Consider some of the details from this recent New York Times story:
Iraq has a new generation of missing men. But instead of ending up in mass graves or at the bottom of the Tigris River, as they often did during the rule of Saddam Hussein, they are detained somewhere in American jails.

Although the insurgency has cooled, with suicide attacks against civilians now eclipsing armed clashes with American troops, American forces are still conducting daily raids, bursting into homes and sweeping up families. More than 10,000 men and boys are in custody. According to a detainee database maintained by the military, the oldest prisoner is 75, the youngest 11.

Military officials say some of the detainees have been accused of serious offenses, including shooting down helicopters and planting roadside bombs.

But the officials acknowledge that most of the people captured are probably not dangerous. Of a recent batch of cases reviewed by military judges, they recommended that 963 of 1,166 detainees be released. ...

Ms. Kudi, whose son, Muhammad, was detained nearly nine months ago, has been to Abu Ghraib more than 20 times. The huge prison is the center of her continuing odyssey through military bases, jails, assistance centers, hospitals and morgues. She said she had been shoved by soldiers and chased by dogs.

"If they want to kill me, kill me," Ms. Kudi said. "Just give me my son."

Ms. Kudi is a compact woman with tribal marks and the sorry story of modern Iraq tattooed on her face. She says she is around 50 years old. She looks much older.

Her first son died in the Iran-Iraq war, her second in Kuwait in 1991, her third during the American invasion last year. Two more boys have been crippled in battle. Her husband is dead.

On June 23, she said Muhammad, a 32-year-old furniture maker, was waiting in his truck at an American checkpoint in Ramadi when a gun battle broke out. Witnesses said Muhammad was lightly wounded in the cross-fire and then detained by American forces.

Three days later, American troops returned Muhammad's truck. But they did not know what had happened to Muhammad.

The other day, as she had done before, Ms. Kudi went to an assistance center in Baghdad to check the computer database of prisoners. Again, she stepped into a little office and sat down in a little chair. Again, she watched a woman behind a desk key in her son's name. Again, she was told there was no record. ...

Ms. Hassan, who lives with her 10-year-old grandson, said American soldiers took her four adult sons. "Couldn't they have left me one?" she asked.

Most of the village teachers were led away, too.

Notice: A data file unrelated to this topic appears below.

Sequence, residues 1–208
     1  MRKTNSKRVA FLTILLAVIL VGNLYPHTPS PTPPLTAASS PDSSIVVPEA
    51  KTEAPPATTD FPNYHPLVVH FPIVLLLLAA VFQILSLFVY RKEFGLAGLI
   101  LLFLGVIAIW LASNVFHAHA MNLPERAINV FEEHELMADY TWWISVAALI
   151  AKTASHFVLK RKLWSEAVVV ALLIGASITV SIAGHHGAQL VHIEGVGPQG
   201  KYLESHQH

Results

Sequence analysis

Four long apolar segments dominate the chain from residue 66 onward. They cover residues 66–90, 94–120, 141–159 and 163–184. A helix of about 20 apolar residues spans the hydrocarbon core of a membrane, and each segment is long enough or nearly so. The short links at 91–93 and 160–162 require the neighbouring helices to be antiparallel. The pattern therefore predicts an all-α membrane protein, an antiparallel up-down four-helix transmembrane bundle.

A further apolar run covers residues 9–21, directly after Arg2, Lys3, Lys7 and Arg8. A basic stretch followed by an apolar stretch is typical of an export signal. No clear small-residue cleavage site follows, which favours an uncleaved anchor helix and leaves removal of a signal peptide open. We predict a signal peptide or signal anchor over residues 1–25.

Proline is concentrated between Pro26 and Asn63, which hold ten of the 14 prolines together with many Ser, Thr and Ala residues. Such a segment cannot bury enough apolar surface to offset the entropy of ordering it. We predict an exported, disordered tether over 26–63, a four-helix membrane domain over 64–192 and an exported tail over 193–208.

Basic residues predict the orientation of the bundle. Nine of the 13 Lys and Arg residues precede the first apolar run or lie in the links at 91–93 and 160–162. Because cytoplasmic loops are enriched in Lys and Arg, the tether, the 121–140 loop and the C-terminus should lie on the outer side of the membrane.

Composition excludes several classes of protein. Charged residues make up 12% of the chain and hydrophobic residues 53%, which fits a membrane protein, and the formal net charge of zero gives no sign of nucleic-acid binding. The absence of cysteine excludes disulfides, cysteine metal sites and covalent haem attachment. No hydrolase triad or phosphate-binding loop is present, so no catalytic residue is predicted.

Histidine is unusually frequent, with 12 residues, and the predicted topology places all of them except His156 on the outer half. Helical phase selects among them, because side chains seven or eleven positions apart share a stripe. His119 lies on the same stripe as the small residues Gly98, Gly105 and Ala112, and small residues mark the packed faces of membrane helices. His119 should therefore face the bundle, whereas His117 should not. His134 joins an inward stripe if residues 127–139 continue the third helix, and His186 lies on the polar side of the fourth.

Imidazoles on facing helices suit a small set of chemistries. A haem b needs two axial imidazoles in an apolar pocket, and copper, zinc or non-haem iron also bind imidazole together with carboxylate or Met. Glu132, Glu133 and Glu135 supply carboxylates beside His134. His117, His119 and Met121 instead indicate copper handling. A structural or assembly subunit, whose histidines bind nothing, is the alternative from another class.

Saba Muhammad, an Abu Sifa elder, began to count them on his hands: Salah, Faisal, Ahmed, Ayub, Emad, Raad.

Soon he ran out of fingers.

"Eleven," Mr. Muhammad said. "Eleven teachers. Now you tell me how we're supposed to feel about Americans."
Among the other justifications for these actions, we are repeatedly told that all of this is unavoidable, that it is a "tragic necessity," and that, after all, we're only doing it for their own good. This is precisely what the brutal father tells his child while he mercilessly beats him, or fails to pay attention to any of his child's deeply felt needs.

It is very important to note that this denial has been implemented by our government as a matter of official policy:
President Bush's rationale for taking us to war in Iraq has crumbled. The truth about supposed Iraqi weapons of mass destruction is being told. At the same time, another truth remains hidden by the Bush administration: the 550 troops who have returned from Iraq in caskets and the thousands returning with severe physical and psychological damage.

The military planes carrying human remains fly into Dover Air Force Base in Delaware under cover of darkness. Unlike Vietnam, when Americans could see the consequences of war, the media are now banned from Dover Air Force Base by military order, reinforced for the Iraq war by an edict from Mr. Bush.

One does not need to be a historian to know that the image of dead Americans, returning day after day in body bags, helped turn America against the war in Vietnam. This administration has gone to great lengths to prevent a repeat by keeping images of lifeless and broken bodies away from the cameras and the consciousness of the American people. Mr. Bush has not yet attended a single funeral for anyone killed in Iraq - not a single one. Spain and Italy held state funerals for their countrymen who died in Iraq, but the Bush Administration's policy for our own war dead is to hide them.

The media blackout extends to the legions of wounded who have returned from Iraq as well. Media stories on wounded troops often use Pentagon figures for those officially wounded in combat, numbering around 3,000. These numbers ignore the well over 7,000 troops who have been injured or made ill as a result of the war. According to the Disabled American Veterans, an additional 6,891 troops were medically evacuated between March 19, 2003 and Oct. 30, 2003, for everything from vehicle accidents to attempted suicides. ...

In their effort to keep this reality from the public, the Bush administration has gone so far as to restrict access of professionally trained and accredited representatives of Disabled American Veterans from military hospitals - access that the DAV has had for more than six decades to counsel and work with service members. The few visits that have been allowed are with pre-selected patients, and closely monitored.
When the mechanisms of denial become deeply engrained mental habits and patterns of behavior, they will encompass the enemy -- or those "lesser" people we say we are "liberating" -- and finally the members of our own military.

These are some of the additional ways in which the denial continues -- and the horrors go on.

And the corpses pile up.